Canoeing Kit Explained

Canoeing & Kayaking

Canoeing Kit Explained

Discover more about what kit’s required for a canoeing session in our quick roundup.

Discover more about what kit’s required for a canoeing session in our quick roundup.

If you join a canoeing club, you will be able to borrow the essentials such as the boat, paddles, spray deck and helmet, which will give you the perfect opportunity to try before you buy.

A full set of canoe kit is pretty costly, so the best way is to try out lots of equipment before you buy and seek advice, our guide will equip you with everything you need to know about canoeing kit.

The canoe

What type of canoe you go for will depend entirely on the canoeing discipline you choose. There are hundreds of different varieties designed to cope with a number of conditions. But beware, canoes are costly — it’s important to seek advice and make the right choice before you buy.

Most canoes will fit on a vehicle roof rack or you could use a canoe trailer for transportation. Go for a strong roof rack — those with two separate bars are generally the best. Tie canoes on using strong rope across each bar or by self-locking straps. ‘Uprights’ and ‘J-bars’ can also be added to the roof rack to allow the boats to be placed upright on the rack or within a cradle.

Paddles for canoeing

As with boats, there are many different varieties of paddles on offer to suit different canoe disciplines. The length is one of the most important features to consider when buying. To find the one which suits you best, you need to take up the correct grip. The distance from the outside of your hand to the start of the blade should be approximately 20cm (7.9in).

Paddles for whitewater are slightly shorter than this, while those used for racing or touring on flat water are longer. An alloy-shafted paddle with molded plastic blades is a good choice for a beginner, as it can be used in most conditions. Again, it’s important to seek specific advice on which one suits you, your chosen canoe discipline and your skill level.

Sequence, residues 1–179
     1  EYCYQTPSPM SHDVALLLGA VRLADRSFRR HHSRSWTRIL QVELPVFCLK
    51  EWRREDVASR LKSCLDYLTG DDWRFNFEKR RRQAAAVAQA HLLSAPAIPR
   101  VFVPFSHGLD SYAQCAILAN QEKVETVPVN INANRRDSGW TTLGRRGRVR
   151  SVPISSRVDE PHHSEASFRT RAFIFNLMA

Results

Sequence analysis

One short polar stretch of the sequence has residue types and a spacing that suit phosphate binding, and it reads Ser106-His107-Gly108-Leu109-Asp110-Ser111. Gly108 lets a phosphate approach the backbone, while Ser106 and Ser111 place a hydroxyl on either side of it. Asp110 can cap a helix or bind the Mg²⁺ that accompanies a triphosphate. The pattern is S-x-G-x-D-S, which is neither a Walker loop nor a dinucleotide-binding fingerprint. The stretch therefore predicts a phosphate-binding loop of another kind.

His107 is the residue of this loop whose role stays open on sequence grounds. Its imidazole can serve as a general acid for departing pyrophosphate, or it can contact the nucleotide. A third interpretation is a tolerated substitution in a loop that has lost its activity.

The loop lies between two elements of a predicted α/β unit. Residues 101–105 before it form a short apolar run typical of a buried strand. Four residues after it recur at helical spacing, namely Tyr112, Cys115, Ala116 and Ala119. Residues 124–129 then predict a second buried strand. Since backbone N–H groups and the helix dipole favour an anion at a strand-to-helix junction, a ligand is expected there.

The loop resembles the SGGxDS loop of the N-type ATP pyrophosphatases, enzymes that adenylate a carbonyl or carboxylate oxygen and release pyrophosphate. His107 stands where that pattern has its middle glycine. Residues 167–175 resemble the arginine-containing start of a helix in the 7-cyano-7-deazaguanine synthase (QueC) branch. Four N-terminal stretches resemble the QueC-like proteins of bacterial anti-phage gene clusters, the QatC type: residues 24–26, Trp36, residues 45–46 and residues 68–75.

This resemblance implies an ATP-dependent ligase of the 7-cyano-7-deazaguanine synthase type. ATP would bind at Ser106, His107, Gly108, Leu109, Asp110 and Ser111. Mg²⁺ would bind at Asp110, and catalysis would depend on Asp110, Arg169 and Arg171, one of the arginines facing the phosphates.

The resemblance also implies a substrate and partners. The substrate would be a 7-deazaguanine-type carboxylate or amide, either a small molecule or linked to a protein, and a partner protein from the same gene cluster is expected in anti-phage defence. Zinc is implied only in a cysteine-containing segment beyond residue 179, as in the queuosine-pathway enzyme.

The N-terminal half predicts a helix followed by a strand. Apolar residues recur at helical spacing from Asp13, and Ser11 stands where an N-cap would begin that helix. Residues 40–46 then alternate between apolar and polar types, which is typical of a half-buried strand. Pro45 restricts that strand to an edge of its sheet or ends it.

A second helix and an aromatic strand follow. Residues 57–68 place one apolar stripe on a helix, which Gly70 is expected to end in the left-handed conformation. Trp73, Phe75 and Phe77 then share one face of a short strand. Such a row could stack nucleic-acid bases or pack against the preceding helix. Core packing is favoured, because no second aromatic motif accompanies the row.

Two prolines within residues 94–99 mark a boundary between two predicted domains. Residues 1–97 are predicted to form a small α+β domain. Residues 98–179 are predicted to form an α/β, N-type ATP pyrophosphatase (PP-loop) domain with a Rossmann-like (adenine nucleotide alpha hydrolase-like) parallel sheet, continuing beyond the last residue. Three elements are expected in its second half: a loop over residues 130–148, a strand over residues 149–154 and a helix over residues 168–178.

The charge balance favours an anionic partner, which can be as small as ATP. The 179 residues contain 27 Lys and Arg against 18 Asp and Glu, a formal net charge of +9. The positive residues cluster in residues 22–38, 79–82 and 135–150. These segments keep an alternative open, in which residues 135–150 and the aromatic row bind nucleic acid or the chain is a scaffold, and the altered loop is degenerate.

Buoyancy aid for canoeing

This is an essential safety item and should be worn for every canoeing activity, regardless of how well you can swim. Canoeing buoyancy aids are foam filled, not air-filled. Look for ones that are brightly coloured and comfortable to wear. Again, make sure that it is approved before you buy.

Canoeing helmet

Helmets are essential for white water, polo or surfing. Make sure the helmet you choose is approved and can be adjusted to fit your head perfectly. Also, check that the chin strap is strong enough.

Spraydeck for canoeing

The spraydeck is an elasticated ‘skirt’ that prevents unwanted water getting into the cockpit of the boat. This is an essential item for rough water and in cold weather. A quick release strap should be fitted in case of an emergency.

Keeping warm while canoeing …

Canoeing is far less enjoyable if you’re too cold, so wearing the right kit is important. The following pieces of kit are great for keeping you warm and comfortable.

Canoeing wetsuit

Keeps you warm if you get soaked.

Thermals and fleeces

Keep upper body warm.

Canoeing cag

Waterproof and windproof with seals round the neck and wrists to prevent water getting in.

Wetsuit shoes

Keeps feet warm and protects your feet when swimming or walking.

Waterproof dry trousers

More experienced paddlers, who are generally less likely to end up in the water, often choose waterproof dry trousers.